I always tell people when I'm out of the country, cuz Oklahoma's a much less known, grew up in Edmond, went to school at Oklahoma state, got a degree in fire protection and safety technology. So it went to school for fire protection. Some people are surprised by. Graduated with my degree and went to work for a fire suppression contracting company, fire suppression.

So I got to see, yeah, I got to see the nuts and bolts of how sprinkler systems are put together and do hydraulic calculations and design just north of Oklahoma in Nebraska. So was in Omaha for about a. I learned a lot and it's been a big impact to this day on the hydraulics and, and kind of the, the fine tune.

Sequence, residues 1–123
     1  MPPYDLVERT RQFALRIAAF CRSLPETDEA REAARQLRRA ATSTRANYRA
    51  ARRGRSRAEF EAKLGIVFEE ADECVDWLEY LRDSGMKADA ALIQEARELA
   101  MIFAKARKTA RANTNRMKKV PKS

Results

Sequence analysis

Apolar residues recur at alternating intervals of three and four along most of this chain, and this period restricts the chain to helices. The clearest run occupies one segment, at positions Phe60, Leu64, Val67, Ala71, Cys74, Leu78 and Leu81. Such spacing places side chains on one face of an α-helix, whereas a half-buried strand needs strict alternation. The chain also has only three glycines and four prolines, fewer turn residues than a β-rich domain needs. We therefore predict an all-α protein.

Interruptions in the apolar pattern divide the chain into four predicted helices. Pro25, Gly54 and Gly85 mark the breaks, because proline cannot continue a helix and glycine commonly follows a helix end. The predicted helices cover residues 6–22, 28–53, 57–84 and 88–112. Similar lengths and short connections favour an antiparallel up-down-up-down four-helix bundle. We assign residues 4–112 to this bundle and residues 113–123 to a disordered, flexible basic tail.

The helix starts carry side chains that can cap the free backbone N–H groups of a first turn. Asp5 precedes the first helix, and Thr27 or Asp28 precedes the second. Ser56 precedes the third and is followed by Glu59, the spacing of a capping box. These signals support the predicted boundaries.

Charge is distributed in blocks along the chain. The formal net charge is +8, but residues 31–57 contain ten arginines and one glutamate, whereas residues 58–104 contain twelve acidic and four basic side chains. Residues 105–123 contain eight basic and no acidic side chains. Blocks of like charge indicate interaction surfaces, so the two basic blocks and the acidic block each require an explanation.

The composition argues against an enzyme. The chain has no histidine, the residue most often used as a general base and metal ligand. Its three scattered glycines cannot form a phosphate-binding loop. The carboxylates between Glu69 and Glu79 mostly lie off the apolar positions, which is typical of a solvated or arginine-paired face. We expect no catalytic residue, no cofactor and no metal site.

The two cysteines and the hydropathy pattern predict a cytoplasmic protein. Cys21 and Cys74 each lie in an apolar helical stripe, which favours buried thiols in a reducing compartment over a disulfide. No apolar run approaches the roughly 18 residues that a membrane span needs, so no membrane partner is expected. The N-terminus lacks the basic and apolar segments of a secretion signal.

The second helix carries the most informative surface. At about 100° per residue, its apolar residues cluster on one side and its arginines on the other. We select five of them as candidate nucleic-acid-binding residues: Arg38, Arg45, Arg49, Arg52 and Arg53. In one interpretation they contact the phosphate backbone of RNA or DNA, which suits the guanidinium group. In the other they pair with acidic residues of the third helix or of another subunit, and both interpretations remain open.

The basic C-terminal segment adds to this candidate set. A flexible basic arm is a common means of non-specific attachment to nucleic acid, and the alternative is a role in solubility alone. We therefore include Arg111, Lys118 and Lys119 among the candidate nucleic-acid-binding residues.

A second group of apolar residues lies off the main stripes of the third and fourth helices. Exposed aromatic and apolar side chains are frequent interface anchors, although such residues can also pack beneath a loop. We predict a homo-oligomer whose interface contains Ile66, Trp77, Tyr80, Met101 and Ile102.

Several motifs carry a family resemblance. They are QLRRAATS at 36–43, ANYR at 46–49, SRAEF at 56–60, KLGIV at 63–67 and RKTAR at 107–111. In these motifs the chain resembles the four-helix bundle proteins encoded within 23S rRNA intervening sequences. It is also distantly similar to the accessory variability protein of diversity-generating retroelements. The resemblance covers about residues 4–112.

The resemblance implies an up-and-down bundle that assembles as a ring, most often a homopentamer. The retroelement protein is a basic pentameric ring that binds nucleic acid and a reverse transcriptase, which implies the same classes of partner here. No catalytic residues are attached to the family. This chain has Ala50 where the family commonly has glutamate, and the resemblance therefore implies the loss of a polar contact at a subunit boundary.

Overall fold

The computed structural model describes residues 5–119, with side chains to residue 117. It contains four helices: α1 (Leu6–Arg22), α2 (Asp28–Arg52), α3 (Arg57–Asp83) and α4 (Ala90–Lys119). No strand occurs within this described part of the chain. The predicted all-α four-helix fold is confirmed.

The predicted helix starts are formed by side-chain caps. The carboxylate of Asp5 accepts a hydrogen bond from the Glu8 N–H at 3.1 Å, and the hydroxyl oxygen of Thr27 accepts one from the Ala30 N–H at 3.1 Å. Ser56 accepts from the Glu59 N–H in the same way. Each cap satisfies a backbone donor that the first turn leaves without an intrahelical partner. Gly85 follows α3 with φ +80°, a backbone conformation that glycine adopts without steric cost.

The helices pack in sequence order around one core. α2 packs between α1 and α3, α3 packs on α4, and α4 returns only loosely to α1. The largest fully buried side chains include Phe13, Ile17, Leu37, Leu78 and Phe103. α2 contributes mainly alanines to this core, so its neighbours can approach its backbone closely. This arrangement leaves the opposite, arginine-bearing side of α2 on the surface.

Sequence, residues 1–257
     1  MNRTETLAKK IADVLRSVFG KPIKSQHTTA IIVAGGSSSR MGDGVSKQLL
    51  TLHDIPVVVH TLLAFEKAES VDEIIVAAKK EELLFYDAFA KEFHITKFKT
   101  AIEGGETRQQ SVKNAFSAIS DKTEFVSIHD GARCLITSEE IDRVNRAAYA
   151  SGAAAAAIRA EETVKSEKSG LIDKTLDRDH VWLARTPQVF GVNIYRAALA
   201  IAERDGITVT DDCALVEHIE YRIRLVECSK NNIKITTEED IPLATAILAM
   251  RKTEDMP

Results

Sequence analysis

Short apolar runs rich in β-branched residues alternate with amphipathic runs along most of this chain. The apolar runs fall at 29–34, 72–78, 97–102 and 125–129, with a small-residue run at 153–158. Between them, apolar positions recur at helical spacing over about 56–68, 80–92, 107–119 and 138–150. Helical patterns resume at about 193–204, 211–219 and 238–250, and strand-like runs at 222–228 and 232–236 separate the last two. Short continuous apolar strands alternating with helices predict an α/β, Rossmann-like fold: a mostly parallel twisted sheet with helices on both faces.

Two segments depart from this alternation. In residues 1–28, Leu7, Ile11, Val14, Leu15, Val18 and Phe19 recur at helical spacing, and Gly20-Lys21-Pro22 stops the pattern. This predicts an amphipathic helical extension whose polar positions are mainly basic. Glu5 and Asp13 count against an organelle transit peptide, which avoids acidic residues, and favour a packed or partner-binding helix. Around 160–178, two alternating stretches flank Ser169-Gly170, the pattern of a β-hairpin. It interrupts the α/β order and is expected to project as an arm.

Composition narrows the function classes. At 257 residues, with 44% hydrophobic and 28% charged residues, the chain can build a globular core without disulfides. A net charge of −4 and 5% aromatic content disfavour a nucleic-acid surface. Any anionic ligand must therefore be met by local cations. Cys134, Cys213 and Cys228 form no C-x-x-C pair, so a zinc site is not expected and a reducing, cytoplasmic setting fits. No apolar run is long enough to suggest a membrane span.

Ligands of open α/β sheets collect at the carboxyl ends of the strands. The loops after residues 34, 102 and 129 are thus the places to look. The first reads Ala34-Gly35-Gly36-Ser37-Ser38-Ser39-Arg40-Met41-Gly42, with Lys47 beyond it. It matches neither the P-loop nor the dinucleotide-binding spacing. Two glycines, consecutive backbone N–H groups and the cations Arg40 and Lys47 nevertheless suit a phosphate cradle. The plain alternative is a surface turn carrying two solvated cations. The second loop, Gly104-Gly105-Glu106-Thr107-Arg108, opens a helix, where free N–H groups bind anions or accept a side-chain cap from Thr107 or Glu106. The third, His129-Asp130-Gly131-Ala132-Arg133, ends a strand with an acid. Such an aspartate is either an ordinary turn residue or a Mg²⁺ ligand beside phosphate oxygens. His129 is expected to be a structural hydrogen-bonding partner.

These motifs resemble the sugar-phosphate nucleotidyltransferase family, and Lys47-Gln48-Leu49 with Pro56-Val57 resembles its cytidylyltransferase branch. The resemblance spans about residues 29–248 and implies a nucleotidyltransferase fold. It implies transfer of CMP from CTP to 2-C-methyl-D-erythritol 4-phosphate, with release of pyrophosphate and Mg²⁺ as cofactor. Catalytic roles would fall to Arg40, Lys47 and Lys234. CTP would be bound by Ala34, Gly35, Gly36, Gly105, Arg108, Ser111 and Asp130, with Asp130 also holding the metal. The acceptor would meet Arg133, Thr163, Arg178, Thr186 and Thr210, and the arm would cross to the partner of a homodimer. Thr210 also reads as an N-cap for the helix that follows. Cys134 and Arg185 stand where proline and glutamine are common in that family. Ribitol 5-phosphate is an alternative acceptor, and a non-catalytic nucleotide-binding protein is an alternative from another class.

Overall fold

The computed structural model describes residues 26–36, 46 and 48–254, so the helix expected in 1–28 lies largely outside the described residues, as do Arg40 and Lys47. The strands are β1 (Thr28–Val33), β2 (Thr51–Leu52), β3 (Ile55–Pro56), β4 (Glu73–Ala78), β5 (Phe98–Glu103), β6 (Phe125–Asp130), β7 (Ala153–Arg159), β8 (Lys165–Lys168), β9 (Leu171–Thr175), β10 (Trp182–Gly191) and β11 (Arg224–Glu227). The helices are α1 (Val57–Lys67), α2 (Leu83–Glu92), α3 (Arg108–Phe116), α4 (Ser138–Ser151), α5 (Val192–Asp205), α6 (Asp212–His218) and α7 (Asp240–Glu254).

Some engineers, they always stay high level systems and they never get down into the nuts and bolts. So for me, that's a valuable piece of my puzzle and figuring out how those systems work, move back to Oklahoma city, where I got a job in fire protection engineering. And yeah, I worked for a firm FSB for about four and a half years.

And yeah, really saw a wide variety of projects, aviation projects. I worked on a lot of aircraft hangers and department of defense jobs. I probably, you know, I was involved in about six or seven or eight flight simulators for a variety of Aircrafts local jobs, national jobs. I did work across the country everywhere from San Diego, all the way to LA guard.

So I got to see a wide variety of fire protection across the nation in that role, and really everything from like high expansion foam systems to hazardous materials and their storage and high industrial use cases. So that was where I really cut my teeth as an engineer mm-hmm and learned what does it mean to problem solve and to really be code compliant and to.